Let’s get up before dawn to arrive at a world-class golf course at sunrise…without clubs. Bright ideas like this one are common at The Fried Egg, and they often result in special experiences. In our new Field Report series, we’ll share our stories with you. We hope to hear from you about your exploration and discoveries too.
The 18th, 17th, 1st and 10th holes at Skokie C.C.
What brought us to Skokie Country Club on a beautiful summer morning was the chance to visit with golf course architect Tyler Rae, a previous guest on the The Fried Egg podcast who is a long-time associate of Ron Prichard and principal of his own firm, Tyler Rae Design. He was in town to shape a new three-green short course that doubles as a practice area. As Tyler describes it:
“The Short Course project at Skokie Country Club currently sits on a small, open triangular piece of land in between Holes #2, 3, and 11. It was previously used as a sod nursery and occupied by only one bunker. The membership would visit this area infrequently and hit a bunker shot or two onto the nursery. It was terribly under-utilized and awfully boring and bland. Our new concept, with three Ross, Langford & Moreau-inspired topsoil push-up style greens, allows for two loops of play – three clockwise holes and then three counterclockwise holes, giving the membership six short holes in total ranging from 58 yards to 110 yards. The three greens have a mix of variety, with one laying more flat, directly on the ground, mimicking the Ross greens found on the course’s #2 and #7. Another green is perched with quite a bit of slope in it, mimicking the Langford & Moreau greens found at #6 and #16. The third green is a bit of blend of the Ross and Moreau styles and is tilted back to front considerably to receive the under 100 yard, lower trajectory shot. There are also bunkers sprinkled throughout the area offering a wide range of shots, from a steep greenside bunker all the way up to 60+ yards. The entire area will be bentgrass maintained at fairway height to present players with every possible short shot they will find on the main course. The existing golf course, with its wonderful perched greens and depressed bunkers, was what we were trying to emulate. We really wanted the membership to feel like they can practice all the shots they’ll find during a round.”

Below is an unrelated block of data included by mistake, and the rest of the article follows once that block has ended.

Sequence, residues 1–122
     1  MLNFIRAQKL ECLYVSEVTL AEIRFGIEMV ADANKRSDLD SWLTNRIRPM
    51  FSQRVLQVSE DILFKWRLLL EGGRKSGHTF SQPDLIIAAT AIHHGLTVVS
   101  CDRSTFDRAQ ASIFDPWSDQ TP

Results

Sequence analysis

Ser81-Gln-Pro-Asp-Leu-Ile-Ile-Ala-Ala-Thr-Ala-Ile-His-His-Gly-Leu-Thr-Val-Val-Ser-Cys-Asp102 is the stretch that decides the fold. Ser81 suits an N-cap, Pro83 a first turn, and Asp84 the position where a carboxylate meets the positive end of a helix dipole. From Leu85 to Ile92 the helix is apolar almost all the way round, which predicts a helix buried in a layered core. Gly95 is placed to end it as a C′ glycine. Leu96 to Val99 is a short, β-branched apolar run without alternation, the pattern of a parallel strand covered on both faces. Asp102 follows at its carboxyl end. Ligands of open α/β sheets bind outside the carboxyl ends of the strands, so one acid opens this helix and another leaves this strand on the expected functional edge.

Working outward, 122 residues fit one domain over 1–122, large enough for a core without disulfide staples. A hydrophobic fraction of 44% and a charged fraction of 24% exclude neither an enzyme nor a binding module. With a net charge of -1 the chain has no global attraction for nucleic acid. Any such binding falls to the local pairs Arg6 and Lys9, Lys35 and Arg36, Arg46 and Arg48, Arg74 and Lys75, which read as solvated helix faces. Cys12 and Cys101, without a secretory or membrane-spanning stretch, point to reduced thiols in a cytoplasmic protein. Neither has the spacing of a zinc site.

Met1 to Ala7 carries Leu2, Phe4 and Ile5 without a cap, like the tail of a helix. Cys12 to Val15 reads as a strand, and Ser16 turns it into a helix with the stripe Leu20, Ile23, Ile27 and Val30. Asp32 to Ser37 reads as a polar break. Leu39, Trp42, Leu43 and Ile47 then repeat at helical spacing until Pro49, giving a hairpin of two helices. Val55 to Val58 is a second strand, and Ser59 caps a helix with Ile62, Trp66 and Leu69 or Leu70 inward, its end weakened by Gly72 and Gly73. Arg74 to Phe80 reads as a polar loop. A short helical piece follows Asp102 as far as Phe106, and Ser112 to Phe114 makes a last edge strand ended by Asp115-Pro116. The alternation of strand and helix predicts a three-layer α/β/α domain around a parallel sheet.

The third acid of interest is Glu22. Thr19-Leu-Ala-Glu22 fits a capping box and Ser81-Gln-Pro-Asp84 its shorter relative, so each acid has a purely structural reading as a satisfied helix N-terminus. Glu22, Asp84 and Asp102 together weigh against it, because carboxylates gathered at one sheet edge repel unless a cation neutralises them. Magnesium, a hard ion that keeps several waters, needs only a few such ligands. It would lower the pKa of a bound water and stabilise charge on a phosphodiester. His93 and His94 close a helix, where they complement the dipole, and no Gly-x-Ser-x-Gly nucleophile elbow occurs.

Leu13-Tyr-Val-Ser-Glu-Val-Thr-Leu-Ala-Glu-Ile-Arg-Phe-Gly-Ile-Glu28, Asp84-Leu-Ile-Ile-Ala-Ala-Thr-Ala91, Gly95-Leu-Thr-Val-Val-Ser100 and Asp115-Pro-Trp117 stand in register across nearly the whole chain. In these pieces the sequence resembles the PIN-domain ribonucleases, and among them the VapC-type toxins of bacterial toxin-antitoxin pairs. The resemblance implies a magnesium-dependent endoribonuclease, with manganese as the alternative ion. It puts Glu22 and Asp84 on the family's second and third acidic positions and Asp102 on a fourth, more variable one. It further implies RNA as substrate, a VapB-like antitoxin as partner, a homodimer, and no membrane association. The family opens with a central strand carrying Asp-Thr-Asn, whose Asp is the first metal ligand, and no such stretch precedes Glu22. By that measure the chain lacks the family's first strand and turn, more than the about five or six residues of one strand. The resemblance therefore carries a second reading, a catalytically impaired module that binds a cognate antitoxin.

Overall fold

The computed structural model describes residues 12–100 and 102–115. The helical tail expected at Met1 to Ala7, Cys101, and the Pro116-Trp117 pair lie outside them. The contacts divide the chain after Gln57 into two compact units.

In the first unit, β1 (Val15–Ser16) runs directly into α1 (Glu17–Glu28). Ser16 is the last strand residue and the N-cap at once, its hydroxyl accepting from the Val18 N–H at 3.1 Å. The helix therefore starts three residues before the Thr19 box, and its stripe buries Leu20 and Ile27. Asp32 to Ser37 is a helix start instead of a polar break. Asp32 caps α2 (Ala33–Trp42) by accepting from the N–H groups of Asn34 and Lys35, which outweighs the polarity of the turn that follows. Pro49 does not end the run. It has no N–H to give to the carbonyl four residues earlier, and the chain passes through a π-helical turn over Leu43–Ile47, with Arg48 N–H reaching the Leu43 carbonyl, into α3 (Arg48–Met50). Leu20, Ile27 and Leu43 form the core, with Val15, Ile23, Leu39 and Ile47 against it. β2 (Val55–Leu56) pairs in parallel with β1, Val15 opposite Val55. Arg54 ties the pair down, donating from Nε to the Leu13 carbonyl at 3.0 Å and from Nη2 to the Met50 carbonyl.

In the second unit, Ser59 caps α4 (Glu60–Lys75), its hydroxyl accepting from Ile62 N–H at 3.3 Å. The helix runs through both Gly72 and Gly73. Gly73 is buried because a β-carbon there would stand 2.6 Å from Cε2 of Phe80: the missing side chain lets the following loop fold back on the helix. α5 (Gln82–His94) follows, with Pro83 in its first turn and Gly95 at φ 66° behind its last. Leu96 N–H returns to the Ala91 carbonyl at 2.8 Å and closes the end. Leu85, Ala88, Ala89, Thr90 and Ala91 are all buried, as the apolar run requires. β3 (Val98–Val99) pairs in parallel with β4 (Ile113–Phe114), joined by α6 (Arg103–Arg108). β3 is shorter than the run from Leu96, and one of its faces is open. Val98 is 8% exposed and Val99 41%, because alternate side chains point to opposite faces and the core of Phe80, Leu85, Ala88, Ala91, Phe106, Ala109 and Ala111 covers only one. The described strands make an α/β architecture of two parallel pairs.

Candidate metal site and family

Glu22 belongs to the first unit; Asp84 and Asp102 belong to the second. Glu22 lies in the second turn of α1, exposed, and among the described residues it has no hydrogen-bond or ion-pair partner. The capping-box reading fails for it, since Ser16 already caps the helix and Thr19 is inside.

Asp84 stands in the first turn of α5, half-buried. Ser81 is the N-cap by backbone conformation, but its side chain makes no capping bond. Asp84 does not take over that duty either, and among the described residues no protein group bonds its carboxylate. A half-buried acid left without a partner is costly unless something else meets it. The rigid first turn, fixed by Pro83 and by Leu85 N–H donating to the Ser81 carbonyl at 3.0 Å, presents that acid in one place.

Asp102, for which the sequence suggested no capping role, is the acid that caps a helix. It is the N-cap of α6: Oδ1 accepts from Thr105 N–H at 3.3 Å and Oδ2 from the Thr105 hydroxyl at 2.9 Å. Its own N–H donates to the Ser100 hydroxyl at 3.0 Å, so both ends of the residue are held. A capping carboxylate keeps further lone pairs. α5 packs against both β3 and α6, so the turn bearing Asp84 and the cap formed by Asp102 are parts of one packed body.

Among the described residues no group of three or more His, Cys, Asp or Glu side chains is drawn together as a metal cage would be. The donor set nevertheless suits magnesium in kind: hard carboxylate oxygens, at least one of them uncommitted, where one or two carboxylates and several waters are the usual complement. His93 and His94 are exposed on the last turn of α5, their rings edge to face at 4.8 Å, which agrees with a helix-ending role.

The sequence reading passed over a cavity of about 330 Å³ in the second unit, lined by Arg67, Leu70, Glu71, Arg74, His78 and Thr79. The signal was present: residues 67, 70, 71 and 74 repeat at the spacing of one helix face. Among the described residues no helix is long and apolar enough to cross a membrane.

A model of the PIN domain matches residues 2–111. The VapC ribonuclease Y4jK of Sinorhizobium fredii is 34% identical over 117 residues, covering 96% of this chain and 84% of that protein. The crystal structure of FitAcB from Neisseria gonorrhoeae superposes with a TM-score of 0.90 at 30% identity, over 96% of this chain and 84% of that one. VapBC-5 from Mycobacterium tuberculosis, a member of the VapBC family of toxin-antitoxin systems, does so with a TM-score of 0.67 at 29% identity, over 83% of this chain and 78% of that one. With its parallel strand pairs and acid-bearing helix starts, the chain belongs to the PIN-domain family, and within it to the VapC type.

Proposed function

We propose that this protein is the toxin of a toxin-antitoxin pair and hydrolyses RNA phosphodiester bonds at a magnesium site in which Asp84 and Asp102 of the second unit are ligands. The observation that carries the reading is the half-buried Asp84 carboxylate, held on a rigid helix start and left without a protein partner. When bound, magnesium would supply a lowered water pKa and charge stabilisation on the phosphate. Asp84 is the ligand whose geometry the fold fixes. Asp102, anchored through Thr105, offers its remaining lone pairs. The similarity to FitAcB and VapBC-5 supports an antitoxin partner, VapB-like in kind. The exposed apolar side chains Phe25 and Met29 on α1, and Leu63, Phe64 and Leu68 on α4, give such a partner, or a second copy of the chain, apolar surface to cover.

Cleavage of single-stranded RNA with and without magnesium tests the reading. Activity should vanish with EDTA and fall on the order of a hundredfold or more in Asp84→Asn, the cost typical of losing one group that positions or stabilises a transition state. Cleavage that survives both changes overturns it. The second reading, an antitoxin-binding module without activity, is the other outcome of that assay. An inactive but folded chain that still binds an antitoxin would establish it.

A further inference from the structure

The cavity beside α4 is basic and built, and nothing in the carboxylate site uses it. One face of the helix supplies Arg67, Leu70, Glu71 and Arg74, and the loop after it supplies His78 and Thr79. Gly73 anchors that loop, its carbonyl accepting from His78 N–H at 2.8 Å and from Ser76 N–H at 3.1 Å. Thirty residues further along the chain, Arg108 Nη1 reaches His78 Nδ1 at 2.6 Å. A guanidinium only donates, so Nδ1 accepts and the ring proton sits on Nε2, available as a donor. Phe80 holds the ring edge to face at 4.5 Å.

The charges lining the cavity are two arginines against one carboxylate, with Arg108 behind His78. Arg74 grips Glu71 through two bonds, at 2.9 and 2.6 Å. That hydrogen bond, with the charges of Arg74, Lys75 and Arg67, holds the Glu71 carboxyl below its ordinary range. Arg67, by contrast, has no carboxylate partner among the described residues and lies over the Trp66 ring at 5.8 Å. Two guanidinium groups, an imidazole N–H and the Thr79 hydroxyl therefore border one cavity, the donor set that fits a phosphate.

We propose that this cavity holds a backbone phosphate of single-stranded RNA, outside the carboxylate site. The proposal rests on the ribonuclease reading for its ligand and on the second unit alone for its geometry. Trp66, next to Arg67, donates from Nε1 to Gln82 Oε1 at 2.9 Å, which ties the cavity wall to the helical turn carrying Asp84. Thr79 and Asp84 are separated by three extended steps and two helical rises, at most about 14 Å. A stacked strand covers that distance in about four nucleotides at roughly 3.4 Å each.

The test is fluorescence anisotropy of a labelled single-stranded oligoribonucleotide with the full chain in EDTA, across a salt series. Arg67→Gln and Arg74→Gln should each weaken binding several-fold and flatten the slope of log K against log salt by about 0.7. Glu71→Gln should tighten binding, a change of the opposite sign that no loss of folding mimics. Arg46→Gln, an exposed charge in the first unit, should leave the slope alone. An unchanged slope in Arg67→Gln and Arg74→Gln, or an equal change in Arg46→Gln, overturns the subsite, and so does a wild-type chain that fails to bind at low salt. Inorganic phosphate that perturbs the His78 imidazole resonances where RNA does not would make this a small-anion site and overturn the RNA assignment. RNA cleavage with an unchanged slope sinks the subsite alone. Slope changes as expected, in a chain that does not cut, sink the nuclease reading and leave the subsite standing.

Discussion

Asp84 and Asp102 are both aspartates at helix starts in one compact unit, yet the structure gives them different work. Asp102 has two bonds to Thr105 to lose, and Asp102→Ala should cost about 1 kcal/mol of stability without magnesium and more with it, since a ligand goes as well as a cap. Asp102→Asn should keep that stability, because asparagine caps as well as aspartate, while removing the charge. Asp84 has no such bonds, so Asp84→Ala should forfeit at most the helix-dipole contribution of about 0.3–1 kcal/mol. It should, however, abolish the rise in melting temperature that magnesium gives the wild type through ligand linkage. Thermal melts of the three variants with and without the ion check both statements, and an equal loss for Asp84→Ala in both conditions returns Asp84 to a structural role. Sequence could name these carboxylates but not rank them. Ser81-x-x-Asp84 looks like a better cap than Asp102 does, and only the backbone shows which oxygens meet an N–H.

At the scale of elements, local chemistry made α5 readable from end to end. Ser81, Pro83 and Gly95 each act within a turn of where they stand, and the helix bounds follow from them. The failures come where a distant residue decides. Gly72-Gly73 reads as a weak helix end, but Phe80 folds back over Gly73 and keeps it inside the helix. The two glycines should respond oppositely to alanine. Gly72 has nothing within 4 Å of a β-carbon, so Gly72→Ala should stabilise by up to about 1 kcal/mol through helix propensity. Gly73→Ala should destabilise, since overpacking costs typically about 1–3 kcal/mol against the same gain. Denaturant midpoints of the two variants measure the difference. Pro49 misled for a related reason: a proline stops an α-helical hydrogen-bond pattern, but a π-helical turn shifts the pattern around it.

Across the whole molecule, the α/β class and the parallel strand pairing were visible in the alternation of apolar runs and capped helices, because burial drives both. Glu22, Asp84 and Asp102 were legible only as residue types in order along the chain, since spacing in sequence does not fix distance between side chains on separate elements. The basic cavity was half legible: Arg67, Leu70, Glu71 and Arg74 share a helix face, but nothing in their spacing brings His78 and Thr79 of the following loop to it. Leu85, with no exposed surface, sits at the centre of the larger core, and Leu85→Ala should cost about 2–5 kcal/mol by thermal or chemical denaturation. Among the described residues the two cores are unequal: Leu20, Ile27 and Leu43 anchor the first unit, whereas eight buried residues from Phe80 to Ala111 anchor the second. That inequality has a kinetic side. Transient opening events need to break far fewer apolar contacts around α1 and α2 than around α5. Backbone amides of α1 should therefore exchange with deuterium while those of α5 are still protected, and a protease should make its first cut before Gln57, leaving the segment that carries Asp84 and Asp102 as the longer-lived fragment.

Creatively designed spaces like Skokie’s short course are popping up everywhere. They are fun for architects to design and build, and even more fun for players to play. Imagination is unleashed across the board when the bounds of 18-hole, par 72 golf are removed. Stay tuned for more coverage of this trend – we’re all in on shorties.
The new short course at Skokie C.C. under construction
As happens when geeks get together at a great course, our conversation turned to the architecture of Skokie, which is criminally underrated. The course was originally laid out by Tom Bendelow in 1904. Donald Ross re-designed the course in 1914, retaining only one hole (the 8th) from the Bendelow’s routing. The club sold off a section of the property for housing development in the mid-1930s. Langford & Moreau were brought in to add seven new holes on an adjacent parcel in 1938. Tyler has seen hundreds of courses, including Ross’s best work, and he thinks that Skokie is unique: